Active-Isolated Stretching (AI) by Australian strength coach Gary Matthews
Olympians have been employing Active-Isolated Stretching (AI) now for many years, but it has only recently been brought to the public’s attention. I have used this technique on my clients for quite a while now with great success, while adding renewed life and spring to tired out muscles. AI stretching prevents injury, as conventional stretching can cause real harm such as muscle pulls and tears.
AI stretching does what stretching is supposed to do; it transports oxygen to sore muscles and quickly removes toxins so recovery is faster. It also works as a deep massage technique because it activates muscle fibers during the actual stretch.
How to Stretch:
Before stretching, dress in loose clothing and try and acquire a five-foot length of rope and tie a loop in the end. The purpose of this is to loop the end of rope around the exercising appendage to squeeze the last couple of inches of stretch from the exercise.
Find a comfortable place to stretch either on your bed, a carpeted floor or on a mat.Isolate the muscle or group you want to stretch then contract the muscle opposite. This causes the isolated muscle or group to relax straight away and when it does it is ready to stretch.
Gently and quickly stretch the isolated muscle until it can’t be stretched any further; now give yourself a gentle pull with your hands or rope. Go as far as you can and then hold the stretch for no more than 2 seconds then release, do this for a total of 5 repetitions on the isolated muscle or group.
The reason for just a 2-second stretch is because when a muscle realizes that it is being forced into a stretch it contracts to protect itself from being overstretched. If you can beat this contraction you’ll be well on the way to a greater Range of Motion.
Remember to hold for no more than 2 seconds, release, return to the normal position and repeat for the five repetitions. Try not to have any hesitations between stretches and make it as fluid as possible. Try to stretch every day if possible, remember to:
- Work one target muscle at a time.
- Contract the muscle that is opposite the targeted muscle, which will relax in preparation of its stretch.
- Stretch it gently and quickly.
- Release it before it realizes that it has been stretched and goes into its protective contraction.
Below are two exercises that can be done straight away even while you are at work to stretch that tension and stress from of your body.
Lie down on the floor with your buttocks against a wall and your legs straight up the wall. Slowly flex your toes towards your knees, hold for two seconds and repeat five times. This will loosen up your lower back and stretch your hamstrings and hips giving instant relief for tired backs.
This exercise can be done while at the office anytime you start to feel that stress and tension building up.
Sitting in a chair and putting one leg out straight, flex your toes towards your knee, now lean towards that foot, stretching your hands towards it and letting your head and shoulders follow, hold for two seconds and repeat five times. This will create a stretch right across your lower back and neck.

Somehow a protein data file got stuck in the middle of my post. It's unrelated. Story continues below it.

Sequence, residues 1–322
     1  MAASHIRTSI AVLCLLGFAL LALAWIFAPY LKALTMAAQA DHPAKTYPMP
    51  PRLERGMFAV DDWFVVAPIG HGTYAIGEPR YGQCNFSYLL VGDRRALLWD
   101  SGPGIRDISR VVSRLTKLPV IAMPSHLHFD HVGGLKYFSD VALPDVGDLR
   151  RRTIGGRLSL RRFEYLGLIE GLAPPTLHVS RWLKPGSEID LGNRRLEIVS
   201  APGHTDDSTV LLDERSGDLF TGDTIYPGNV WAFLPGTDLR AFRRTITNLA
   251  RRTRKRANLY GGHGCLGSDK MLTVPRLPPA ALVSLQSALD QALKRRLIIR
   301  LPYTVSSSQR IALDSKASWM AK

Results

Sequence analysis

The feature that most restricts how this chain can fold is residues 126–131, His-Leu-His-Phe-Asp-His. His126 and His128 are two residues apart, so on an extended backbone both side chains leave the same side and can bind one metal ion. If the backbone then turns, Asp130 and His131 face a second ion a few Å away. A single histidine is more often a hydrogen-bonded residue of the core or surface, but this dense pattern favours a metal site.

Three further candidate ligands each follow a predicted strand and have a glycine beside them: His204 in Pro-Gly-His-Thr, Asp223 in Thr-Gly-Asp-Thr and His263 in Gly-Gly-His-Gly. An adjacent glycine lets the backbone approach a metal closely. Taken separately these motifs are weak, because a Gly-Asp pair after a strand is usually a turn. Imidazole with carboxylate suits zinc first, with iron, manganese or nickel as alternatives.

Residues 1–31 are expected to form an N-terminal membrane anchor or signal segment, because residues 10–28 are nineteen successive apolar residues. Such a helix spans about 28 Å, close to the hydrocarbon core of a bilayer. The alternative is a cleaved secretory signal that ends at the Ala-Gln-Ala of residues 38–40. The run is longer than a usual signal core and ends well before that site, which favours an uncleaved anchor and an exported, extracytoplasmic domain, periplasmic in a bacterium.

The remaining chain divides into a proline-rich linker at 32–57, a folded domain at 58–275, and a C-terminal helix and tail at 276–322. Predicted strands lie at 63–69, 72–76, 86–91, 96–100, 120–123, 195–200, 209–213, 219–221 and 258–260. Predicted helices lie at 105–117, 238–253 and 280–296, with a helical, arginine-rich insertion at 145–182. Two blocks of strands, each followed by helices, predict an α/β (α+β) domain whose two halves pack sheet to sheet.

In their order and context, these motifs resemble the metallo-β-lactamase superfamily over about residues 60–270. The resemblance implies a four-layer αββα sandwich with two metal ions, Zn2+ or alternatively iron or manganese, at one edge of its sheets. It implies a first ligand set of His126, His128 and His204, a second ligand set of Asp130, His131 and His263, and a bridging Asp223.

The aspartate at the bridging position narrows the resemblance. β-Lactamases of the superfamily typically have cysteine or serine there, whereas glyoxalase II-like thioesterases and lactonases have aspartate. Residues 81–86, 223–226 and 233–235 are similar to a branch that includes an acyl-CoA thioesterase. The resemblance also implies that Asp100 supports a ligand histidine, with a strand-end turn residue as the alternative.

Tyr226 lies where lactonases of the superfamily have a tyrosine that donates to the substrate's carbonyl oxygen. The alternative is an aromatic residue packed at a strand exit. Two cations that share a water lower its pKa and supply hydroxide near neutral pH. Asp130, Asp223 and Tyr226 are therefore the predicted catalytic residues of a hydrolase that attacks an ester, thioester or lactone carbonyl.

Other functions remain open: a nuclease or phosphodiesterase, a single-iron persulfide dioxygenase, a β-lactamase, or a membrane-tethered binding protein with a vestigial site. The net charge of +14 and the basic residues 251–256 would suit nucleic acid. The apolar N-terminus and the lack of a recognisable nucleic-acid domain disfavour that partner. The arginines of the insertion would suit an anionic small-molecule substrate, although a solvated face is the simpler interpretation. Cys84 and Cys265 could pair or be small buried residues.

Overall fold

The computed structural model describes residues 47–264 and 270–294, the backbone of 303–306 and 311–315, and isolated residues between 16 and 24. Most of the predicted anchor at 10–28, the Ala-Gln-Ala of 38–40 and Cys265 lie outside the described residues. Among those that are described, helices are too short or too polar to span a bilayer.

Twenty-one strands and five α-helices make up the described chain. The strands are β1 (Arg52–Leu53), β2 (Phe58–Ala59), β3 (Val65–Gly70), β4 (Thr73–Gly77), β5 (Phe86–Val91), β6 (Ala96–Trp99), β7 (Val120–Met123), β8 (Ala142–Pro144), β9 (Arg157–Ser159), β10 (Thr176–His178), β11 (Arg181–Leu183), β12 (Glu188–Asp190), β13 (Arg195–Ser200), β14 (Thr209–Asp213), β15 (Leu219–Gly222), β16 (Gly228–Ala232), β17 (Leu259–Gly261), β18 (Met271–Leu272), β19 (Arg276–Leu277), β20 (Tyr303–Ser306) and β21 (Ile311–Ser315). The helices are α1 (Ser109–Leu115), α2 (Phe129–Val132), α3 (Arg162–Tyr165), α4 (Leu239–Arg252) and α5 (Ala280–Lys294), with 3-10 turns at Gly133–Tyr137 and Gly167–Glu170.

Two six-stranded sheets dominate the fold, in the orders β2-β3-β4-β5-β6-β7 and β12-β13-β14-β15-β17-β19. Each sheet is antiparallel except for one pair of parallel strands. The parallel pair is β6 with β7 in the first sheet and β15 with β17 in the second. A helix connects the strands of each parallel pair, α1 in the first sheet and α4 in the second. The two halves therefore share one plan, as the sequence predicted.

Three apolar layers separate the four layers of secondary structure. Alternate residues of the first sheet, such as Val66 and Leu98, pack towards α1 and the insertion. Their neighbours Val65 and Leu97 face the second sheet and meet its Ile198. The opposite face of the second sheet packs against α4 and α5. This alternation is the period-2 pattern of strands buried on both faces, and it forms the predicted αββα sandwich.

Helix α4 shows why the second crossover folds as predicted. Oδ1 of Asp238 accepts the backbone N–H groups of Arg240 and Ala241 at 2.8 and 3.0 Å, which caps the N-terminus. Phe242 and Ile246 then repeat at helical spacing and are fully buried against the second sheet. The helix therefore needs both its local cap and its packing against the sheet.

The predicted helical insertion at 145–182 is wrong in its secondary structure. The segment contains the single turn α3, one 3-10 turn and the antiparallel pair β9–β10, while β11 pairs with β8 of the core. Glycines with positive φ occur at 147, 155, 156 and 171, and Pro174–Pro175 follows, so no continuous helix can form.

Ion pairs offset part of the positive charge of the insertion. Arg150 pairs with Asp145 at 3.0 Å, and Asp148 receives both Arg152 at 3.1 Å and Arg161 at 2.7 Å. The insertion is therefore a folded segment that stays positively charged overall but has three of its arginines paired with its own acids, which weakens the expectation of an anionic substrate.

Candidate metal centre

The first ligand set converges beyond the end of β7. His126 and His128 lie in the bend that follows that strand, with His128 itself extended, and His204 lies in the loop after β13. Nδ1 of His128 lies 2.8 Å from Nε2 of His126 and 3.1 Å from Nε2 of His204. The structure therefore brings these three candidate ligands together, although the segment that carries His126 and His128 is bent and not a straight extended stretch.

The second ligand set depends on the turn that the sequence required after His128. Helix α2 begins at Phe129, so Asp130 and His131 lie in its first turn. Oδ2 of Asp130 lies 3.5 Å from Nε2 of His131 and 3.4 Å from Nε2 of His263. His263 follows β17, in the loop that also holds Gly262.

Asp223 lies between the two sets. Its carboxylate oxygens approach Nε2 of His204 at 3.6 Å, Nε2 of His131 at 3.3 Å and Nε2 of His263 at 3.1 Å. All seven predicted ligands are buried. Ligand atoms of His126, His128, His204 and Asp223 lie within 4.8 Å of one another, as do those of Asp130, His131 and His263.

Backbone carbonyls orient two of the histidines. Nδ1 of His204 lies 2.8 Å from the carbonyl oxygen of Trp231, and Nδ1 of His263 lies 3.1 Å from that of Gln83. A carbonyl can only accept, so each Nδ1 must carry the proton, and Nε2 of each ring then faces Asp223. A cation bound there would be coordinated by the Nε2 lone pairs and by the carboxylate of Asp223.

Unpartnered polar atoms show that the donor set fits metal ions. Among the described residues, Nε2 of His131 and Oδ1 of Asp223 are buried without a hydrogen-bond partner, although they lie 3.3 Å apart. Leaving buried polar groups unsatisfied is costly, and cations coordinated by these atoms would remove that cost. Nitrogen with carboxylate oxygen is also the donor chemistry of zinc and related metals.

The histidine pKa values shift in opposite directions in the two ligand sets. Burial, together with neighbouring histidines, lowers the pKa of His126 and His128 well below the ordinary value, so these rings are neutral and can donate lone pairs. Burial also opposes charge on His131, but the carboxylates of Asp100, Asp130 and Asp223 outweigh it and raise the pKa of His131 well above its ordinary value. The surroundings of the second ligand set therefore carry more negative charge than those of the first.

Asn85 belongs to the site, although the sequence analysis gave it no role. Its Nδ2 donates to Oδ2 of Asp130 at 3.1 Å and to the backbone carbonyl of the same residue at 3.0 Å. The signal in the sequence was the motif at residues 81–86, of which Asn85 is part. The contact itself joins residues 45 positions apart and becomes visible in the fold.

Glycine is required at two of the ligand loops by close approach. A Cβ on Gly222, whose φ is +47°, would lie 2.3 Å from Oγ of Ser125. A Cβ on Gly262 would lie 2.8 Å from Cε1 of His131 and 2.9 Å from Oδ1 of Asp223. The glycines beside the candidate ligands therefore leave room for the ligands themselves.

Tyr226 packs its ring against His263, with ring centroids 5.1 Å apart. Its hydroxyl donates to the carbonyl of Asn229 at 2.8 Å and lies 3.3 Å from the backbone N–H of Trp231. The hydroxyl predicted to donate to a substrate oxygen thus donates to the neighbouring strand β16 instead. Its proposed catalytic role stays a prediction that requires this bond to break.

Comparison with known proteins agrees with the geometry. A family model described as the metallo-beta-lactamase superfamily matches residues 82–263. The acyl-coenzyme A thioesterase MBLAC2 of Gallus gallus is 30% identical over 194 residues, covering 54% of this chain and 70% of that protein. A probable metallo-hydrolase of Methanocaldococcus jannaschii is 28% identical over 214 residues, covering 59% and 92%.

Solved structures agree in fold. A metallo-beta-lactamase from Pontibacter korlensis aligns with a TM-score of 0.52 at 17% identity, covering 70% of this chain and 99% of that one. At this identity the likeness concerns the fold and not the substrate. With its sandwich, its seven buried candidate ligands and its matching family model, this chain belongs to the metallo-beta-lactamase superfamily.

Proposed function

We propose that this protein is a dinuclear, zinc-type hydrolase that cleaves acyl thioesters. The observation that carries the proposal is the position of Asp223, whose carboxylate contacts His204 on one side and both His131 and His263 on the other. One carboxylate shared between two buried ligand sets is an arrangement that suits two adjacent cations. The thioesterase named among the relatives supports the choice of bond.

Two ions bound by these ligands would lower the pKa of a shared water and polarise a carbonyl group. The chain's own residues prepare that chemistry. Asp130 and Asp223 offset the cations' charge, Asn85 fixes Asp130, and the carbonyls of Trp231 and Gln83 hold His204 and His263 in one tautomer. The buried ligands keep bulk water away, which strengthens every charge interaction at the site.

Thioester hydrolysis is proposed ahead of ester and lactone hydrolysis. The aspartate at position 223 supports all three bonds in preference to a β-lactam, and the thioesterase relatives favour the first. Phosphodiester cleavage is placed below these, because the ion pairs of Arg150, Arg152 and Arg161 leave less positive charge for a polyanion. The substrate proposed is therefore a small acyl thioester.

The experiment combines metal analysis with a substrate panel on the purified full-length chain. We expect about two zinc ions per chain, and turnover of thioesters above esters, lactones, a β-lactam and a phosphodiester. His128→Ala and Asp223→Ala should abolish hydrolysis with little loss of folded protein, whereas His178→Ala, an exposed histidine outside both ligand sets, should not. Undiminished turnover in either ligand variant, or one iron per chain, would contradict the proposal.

A flexible body is:
- More efficient
- More easily trained for strength and endurance
- Enjoys more range of motion
- Stays balanced more easily and is less prone to injury
- Recovers from workouts more quickly, and feels better.
Your goal? To start utilizing these exercises every day and say goodbye to your stress and tension.
Gary’s professional career began in the Royal Australian Air Force where he was employed as a Fitness Instructor. He has over 20 years of experience. His duties consisted of training recruits in various disciplines including strength training and conditioning techniques. He was soon posted to Penang, Malaysia where he was primarily responsible for creating and maintaining a commercial gymnasium used by service personal and civilians alike. During this time, Gary is also fluent in the Malaysian language, and was an essential player in re-leasing negotiations with the Malaysian and Australian governments. Gary continued to utilize these skills when he returned to Australia and began his tenure with the ANA and Sheraton hotel chains where he lead a cultural staff exchange between the ANA hotel Gold Coast and Manza Beach Resort in Okinawa, Japan. Gary used his expertise to develop their leisure and sports club and also gained fluency in the Japanese language.
Gary has continued to build upon his gym instruction and personal training experience throughout his entire career. By developing client routines and noting their frustrations with time intensive training regimes, it became apparent that the more people train, the slower their respond to the training. Gary steered away from volume training and developed a fitness technique that requires people to be in the gym for only 20 minutes a week. When Gary introduced this element into his clients’ fitness routines, they began to make rapid progress while increasing functional muscle and dramatically decreased body fat levels. When Gary further combined this technique with a more nutritional diet, total transformations were achieved in as few as ten weeks. Gary currently directs a very successful personal training business on the Gold Coast of Australia and promotes abbreviated training as the preferred fitness method. He also continues to run a fitness consultancy for off and on-line businesses.